I’m sure I’m probably one of the first to admit this, but I’m an author who hasn’t read Stephen King’s book On Writing. Okay, that’s not wholly true. I’m about halfway through the book. Truth was, I didn’t want to read another book on how I should write. But being the good little writer that I am, I bought the book to support the King empire about three years ago.
Then this past weekend, we took Oldest for a campus tour of James Madison University (THAT’s a blog in and of itself), I took King along for a read. I figured it was time I do some training. Writer training, sir. Can you say that in your best Bill “STRIPES” Murray voice? So I pull out the book once we’re settled the DVD player is up and running and the DH is settled in at a steady 72mph.
I wasn’t quite sure what to expect, but it certainly wasn’t what I read. Although I’m only half finished with the book, I’ve already learned a lot about myself as a writer and how Stephen King and I would be great friends. Actually, I’m betting his wife would be my BFF and Steve would just be someone we’d raz a lot. LOL This guy is funny.
I’ve always enjoyed his fictional work. I was sold from the first word of Salem’s Lot, which I read with my back to the wall and a knife under my bed (as if THAT’s going to stop a vampire. STOOOPID!) Then came The Stand for me. Characterization is the single most important point about that book. It’s fricking brilliant. Even more impressive is this guy’s talent for creating work that no director can actually translate to film. It’s impossible, no matter how hard they try, it can’t be done. When you try to convert brilliance you get something lack luster and blurred beyond words.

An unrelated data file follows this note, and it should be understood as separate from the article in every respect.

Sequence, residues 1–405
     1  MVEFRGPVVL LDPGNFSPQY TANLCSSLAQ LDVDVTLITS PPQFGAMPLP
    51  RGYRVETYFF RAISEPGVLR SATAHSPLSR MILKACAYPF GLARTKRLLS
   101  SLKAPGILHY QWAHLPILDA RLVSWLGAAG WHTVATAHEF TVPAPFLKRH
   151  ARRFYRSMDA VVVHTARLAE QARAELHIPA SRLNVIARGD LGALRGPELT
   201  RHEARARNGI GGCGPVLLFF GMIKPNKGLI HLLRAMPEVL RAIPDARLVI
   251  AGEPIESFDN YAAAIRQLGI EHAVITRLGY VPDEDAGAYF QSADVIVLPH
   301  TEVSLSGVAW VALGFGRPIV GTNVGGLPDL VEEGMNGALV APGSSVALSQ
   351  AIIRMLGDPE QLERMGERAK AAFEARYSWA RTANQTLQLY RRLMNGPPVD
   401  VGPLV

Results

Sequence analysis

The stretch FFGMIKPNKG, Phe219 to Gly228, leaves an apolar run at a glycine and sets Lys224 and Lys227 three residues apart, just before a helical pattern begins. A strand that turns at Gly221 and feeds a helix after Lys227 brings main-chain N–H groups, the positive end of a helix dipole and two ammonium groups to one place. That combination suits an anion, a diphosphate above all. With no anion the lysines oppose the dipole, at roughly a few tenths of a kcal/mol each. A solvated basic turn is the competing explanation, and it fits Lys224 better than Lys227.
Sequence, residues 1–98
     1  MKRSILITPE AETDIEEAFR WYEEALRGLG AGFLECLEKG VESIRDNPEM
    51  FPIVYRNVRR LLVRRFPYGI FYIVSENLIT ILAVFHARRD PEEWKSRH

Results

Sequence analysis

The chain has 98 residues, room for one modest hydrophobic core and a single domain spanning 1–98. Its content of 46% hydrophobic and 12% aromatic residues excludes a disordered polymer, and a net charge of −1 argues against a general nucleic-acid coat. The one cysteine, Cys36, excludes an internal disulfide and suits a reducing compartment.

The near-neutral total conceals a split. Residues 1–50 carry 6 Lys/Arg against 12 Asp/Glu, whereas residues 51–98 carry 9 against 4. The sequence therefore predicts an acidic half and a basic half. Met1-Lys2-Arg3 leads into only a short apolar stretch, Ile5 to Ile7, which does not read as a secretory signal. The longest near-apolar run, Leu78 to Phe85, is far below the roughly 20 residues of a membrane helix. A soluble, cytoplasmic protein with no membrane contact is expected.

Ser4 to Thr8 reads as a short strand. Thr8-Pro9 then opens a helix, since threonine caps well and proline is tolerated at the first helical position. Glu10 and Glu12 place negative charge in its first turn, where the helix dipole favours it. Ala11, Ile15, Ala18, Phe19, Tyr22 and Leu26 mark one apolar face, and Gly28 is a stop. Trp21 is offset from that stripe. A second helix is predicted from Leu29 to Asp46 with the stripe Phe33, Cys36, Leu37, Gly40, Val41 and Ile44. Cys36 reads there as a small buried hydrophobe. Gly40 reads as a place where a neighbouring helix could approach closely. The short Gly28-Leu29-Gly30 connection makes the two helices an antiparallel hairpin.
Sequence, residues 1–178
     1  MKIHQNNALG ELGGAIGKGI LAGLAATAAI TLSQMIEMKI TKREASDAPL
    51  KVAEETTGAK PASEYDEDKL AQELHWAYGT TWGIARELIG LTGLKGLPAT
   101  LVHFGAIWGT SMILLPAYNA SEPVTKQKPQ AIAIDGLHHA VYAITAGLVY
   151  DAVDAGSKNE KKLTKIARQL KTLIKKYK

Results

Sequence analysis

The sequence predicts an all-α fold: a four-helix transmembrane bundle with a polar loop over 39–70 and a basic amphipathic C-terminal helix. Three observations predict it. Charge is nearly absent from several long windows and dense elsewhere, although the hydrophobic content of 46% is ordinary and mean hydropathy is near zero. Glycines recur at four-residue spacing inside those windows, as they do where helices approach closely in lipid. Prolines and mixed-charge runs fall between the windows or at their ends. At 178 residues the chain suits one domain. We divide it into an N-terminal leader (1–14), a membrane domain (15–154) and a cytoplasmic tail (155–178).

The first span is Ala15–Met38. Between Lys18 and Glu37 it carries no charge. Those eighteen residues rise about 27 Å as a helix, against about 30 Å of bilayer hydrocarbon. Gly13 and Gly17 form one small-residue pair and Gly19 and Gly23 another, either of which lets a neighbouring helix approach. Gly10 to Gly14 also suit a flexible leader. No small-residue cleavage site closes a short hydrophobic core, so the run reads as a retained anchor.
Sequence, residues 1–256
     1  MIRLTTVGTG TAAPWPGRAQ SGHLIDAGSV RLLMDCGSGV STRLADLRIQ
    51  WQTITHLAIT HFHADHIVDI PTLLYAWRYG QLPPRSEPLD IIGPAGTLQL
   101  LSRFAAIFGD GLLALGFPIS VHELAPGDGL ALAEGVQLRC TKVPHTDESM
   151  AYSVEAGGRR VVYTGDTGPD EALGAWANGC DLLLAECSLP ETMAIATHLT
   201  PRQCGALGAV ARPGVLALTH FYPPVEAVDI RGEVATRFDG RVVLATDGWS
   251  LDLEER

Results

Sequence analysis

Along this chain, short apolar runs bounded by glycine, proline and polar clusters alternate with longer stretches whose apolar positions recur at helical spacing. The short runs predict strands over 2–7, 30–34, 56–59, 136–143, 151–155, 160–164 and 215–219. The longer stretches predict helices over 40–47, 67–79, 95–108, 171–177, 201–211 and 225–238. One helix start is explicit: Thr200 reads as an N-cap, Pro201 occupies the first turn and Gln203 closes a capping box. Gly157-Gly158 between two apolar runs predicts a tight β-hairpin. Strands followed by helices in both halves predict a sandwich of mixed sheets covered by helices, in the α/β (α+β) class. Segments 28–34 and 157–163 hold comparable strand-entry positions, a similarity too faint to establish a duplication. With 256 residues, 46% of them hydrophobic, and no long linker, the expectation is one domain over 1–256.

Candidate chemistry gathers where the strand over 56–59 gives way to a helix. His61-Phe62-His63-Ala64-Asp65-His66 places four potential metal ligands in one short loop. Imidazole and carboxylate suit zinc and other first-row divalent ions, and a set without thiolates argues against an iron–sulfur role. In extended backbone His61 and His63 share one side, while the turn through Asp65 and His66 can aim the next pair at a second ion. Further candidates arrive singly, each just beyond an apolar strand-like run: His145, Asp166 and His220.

Learning Can Be Fun
But I digress. King’s book, On Writing, is as brilliant as his fiction. He manages to explain things in layman terms and with a sense of humor that ensures you’re not reading the usual, bone-dry, how-to-write book. In fact, I kept laughing out loud and the DH kept telling me to stop because he couldn’t hear his radio (when I laugh, I do it with gusto! LOL). I’m delving deeper into the “tools of the trade” part of the book, and I’m learning more than I thought I would from the book. In fact, I think I need to go back and reread The Stand just so I can better understand characterization so I can improve my own writing. Clearly this King guy speaks to me in ways I should have been listening to a long time ago.
So what book can you think of that’s taught you something new?